Viewpoint – Group projects don’t reflect teamwork, effort

By JW McNay/campus editor

College is an opportunity for students to learn skills and knowledge to prepare them for the real world, and the most poorly utilized method by teachers is the group assignment.

Let’s not kid ourselves: Group assignments are the worst. Being put in a group where each member participates equally is akin to winning the lottery in back-to-back drawings.

Working well with other people is a skill students should cultivate.

Each individual in a group brings different strengths and weaknesses that ought to yield a positive experience. But the reality is members of a group fall into one of two simplified categories: active or passive.

Active members work to complete the assignment while passive members either don’t care or expect other members to finish it.

The size of a group and types of its members allow for many permutations. The variation of a single active member with the rest being passive is frustrating or fantastic depending on perspective.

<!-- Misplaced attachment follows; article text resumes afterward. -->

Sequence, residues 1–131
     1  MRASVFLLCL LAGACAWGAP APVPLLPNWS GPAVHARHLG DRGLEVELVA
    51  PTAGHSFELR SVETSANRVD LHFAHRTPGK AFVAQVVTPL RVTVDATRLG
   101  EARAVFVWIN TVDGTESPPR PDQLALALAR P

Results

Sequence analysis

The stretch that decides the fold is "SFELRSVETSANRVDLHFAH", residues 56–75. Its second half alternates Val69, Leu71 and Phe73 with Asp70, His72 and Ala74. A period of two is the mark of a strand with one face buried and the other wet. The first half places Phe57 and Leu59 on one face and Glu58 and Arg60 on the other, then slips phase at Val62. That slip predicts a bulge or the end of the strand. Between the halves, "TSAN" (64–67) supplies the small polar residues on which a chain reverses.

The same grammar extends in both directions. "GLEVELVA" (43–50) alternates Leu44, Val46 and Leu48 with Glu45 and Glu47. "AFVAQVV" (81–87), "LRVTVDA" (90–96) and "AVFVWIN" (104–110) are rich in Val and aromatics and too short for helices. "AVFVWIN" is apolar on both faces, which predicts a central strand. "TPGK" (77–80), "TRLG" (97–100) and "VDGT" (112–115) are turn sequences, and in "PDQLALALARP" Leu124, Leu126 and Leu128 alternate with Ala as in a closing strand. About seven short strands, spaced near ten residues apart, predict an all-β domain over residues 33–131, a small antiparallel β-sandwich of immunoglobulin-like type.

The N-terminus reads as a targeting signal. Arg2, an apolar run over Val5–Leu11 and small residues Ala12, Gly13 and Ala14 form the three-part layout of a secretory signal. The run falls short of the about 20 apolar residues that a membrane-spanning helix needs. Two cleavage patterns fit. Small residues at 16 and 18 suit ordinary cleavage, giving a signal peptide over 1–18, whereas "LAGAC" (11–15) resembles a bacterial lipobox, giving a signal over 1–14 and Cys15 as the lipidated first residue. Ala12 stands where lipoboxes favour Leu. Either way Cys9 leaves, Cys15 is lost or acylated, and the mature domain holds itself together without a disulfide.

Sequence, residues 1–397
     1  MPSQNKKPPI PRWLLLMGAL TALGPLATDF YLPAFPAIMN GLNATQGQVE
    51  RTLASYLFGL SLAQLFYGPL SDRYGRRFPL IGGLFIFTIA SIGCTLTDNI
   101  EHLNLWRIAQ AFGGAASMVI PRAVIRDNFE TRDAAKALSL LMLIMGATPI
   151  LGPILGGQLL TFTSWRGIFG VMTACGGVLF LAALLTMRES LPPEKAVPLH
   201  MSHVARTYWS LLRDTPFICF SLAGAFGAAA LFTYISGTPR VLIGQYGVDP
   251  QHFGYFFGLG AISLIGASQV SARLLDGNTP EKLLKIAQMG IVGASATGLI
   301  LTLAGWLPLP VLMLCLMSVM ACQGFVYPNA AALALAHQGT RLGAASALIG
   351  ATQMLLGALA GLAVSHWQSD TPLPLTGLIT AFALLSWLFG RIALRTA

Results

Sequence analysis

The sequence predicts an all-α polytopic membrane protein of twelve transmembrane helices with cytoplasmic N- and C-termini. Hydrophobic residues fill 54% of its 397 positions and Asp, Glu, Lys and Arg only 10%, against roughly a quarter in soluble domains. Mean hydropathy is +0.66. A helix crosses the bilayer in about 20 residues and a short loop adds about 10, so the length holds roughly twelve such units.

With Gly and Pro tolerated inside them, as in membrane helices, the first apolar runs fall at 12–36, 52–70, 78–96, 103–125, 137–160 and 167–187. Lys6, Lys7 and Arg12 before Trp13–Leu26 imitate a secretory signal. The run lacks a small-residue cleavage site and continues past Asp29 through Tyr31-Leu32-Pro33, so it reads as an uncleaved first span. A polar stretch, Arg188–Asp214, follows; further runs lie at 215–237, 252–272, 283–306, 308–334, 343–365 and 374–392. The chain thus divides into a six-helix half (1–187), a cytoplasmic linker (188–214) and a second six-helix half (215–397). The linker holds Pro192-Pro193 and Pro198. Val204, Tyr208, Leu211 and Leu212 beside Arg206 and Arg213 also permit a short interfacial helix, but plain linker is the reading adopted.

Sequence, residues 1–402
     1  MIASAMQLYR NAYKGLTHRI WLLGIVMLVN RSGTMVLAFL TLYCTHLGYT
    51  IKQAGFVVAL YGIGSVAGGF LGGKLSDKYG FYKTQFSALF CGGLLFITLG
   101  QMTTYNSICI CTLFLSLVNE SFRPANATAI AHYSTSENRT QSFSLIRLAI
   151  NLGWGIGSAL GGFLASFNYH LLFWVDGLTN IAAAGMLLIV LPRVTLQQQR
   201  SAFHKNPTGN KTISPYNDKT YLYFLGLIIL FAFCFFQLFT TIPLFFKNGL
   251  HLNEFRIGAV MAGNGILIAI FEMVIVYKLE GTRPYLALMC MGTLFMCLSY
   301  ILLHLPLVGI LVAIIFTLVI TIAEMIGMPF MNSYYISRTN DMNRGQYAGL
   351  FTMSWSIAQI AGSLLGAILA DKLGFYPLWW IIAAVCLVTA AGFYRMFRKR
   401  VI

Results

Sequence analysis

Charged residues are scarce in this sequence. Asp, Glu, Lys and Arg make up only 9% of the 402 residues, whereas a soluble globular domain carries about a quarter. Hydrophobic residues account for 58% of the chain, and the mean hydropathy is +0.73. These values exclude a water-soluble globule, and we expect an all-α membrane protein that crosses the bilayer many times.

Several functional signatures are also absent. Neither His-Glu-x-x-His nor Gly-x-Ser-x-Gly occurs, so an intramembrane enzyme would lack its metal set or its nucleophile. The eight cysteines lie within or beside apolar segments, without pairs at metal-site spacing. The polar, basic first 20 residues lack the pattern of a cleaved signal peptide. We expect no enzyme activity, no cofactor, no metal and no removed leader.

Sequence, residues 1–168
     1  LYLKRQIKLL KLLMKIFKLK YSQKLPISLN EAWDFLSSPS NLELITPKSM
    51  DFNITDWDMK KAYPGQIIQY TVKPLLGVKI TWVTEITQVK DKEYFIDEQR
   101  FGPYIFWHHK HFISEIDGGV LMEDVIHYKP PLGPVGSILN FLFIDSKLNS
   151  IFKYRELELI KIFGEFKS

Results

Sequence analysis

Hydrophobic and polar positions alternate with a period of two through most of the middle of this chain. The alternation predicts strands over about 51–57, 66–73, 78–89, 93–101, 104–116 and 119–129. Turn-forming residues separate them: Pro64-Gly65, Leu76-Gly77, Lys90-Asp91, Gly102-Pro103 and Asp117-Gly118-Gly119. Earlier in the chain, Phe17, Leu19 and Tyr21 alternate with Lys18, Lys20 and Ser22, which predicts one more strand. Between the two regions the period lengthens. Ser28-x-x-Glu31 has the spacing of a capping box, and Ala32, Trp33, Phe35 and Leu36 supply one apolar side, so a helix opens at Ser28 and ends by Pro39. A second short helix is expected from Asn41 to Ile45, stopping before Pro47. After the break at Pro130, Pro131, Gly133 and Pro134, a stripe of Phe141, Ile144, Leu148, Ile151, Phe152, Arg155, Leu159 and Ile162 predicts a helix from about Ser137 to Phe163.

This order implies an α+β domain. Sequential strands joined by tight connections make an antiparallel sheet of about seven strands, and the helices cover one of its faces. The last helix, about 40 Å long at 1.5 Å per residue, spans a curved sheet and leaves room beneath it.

A group’s project may receive a high grade, but this isn’t necessarily reflective of how well the group worked together or how much each member contributed.

Teachers have ways to mitigate these frustrations for group assignments like allowing students to pick their own groups or giving individual grades. Both options are not without their own flaws, though.

Students selecting their own groups might only benefit some and not all because it’s still dependent on the ratio of active to passive members in the class.

Individualized grades for a group assignment can hold each member accountable for their effort, but this system relies on students to report how much each member contributed.

Active members are stuck in an awkward social scenario where they must rat out any passive members if they want to lower their grades for some sense of fairness.

The challenges of working with classmates in a group should theoretically apply to a professional environment, but it’s not apples to apples. The motivation in each environment differs because receiving a good grade is not the same as receiving a paycheck.

And if someone isn’t doing their job in the real world, then at least it’s possible they’ll get fired.